It was a few hours of driving and on the way Derek our guide also pointed out some of the locations that were in the headlines in 1982, such as Mount Longdon, where Victoria cross winner Sgt McKay was killed, Mount Harriet, and Tumbledown. We didn't take time out to walk around these old battlegrounds, but had we done so, we would still have been able to find the debris of war, such as bullet shells, blankets, boots and even an old shaving kit. Seeing the areas for ourselves, it was clear how difficult the British attack would have been as there was little cover and the terrain was rough going.
After around three hours of driving over rough roads first and then bumpy tracks across the boggy fields, we arrived at volunteer point. A few of the king penguins were hanging around the white sandy beach, but most of the colony was at the rookery slightly inland. At last count the were around 750 adults and 550 chicks, so this is a large and successful colony.
|King penguin with its egg|
|King feeding its chick|
It was slightly strange watching them feed their chicks though as it almost looks like the adult has swallowed the chicks head entirely as it regurgitates the food for it.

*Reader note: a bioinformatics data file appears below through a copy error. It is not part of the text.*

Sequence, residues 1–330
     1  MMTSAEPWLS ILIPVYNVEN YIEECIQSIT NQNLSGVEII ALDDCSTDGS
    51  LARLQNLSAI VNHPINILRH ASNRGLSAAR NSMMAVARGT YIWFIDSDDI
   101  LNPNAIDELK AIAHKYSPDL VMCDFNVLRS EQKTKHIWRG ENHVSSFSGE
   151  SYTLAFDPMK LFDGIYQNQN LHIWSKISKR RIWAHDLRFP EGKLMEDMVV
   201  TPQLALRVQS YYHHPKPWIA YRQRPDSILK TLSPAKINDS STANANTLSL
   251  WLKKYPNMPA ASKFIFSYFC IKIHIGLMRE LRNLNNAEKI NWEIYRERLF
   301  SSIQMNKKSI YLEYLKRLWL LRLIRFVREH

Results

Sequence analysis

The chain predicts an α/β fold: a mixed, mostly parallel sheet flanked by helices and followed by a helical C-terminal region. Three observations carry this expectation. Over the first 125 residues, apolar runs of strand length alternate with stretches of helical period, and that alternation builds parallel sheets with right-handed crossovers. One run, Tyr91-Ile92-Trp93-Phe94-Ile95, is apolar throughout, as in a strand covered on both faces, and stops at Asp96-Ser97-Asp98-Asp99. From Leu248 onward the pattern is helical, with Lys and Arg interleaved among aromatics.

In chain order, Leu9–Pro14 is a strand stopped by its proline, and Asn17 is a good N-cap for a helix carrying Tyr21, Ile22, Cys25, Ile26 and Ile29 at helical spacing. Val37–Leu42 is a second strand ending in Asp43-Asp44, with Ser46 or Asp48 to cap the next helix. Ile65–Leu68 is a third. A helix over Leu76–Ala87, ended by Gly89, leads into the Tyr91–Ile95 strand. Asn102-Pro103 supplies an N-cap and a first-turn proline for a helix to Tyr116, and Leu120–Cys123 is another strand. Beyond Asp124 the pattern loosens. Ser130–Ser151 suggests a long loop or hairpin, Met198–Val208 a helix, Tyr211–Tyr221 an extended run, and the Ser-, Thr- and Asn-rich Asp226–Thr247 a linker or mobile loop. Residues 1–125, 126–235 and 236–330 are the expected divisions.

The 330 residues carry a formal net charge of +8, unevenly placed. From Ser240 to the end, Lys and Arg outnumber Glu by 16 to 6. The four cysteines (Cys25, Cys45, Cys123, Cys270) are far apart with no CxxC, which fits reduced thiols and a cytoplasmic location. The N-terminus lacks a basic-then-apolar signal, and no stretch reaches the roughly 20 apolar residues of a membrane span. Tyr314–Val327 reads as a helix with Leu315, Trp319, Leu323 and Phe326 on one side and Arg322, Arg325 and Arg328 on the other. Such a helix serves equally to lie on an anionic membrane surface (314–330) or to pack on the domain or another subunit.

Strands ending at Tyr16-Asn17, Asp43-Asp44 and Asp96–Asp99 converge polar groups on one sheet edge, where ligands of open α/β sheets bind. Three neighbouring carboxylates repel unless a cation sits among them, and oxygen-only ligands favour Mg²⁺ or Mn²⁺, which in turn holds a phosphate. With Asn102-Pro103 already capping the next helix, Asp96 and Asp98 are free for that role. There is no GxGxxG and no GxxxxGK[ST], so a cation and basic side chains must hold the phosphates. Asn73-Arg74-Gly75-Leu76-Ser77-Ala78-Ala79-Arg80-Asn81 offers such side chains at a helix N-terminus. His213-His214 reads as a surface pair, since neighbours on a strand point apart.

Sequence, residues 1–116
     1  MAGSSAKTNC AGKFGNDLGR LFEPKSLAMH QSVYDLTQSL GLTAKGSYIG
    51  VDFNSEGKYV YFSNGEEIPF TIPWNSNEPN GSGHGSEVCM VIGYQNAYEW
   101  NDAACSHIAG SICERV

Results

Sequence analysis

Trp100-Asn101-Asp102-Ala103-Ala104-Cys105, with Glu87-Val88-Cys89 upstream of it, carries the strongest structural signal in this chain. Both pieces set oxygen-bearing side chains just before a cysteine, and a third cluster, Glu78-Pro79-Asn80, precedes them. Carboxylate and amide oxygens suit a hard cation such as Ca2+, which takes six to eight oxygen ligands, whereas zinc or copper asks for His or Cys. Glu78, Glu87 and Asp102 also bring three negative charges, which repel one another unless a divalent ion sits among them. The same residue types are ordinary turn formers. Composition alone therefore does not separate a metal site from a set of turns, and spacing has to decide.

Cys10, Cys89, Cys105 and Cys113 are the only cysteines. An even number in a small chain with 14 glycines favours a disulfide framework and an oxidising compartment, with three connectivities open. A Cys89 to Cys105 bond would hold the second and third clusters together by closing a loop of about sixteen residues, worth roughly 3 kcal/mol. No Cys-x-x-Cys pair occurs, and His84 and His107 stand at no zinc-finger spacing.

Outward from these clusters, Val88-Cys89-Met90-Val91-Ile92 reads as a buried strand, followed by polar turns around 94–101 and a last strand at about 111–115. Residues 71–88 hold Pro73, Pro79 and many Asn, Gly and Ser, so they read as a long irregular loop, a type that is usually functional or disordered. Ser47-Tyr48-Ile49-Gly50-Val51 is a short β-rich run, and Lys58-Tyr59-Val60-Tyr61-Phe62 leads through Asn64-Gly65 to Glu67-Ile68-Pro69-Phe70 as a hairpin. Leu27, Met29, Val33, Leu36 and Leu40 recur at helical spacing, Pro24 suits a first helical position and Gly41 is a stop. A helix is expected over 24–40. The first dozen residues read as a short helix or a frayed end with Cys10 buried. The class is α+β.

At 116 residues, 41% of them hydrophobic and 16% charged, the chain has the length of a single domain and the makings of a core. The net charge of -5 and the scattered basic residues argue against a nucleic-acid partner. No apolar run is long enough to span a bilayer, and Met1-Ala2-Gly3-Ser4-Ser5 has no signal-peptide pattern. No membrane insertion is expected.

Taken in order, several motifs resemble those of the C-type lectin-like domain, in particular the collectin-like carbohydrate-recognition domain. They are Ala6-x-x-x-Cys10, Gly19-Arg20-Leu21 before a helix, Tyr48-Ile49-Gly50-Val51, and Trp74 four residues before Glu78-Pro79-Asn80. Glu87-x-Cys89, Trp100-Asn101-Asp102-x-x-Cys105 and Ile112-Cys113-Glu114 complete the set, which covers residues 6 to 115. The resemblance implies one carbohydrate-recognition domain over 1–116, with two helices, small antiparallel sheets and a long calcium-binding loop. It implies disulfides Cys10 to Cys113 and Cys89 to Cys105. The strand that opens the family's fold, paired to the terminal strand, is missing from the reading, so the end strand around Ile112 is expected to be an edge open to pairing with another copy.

We did also manage to spot one large fluffy brown chick which would have been a straggler from the last breeding season that had not yet developed its sleeker black and white plumage.
|King penguin year old chick|
Because the king penguins can abandon a chick if disturbed, there is a ring of white stones around the main rookery, which people do not cross. This way the penguins are content, but we can still enjoy watching them.
The kings are bigger than the other penguins we have seen, and they emphasize this even more as they generally walk high on their legs, rather than shuffling along as the others tend to. They do have a more imposing stance and their orange markings on their head and chest look most impressive.
|Gentoos playing under the vehicles|
|Gentoo pecking Tabitha|
Of course aside from being pecked a bit too vigorously, the thing that you need to be careful of with the penguins is their projectile pooing. They stand there all innocently, then suddenly lift their tail and squirt out a stream of poo that extends over a foot behind them. Thankfully we were never in the firing line, but we know a person who was, albeit not here. And penguin poo is very smelly.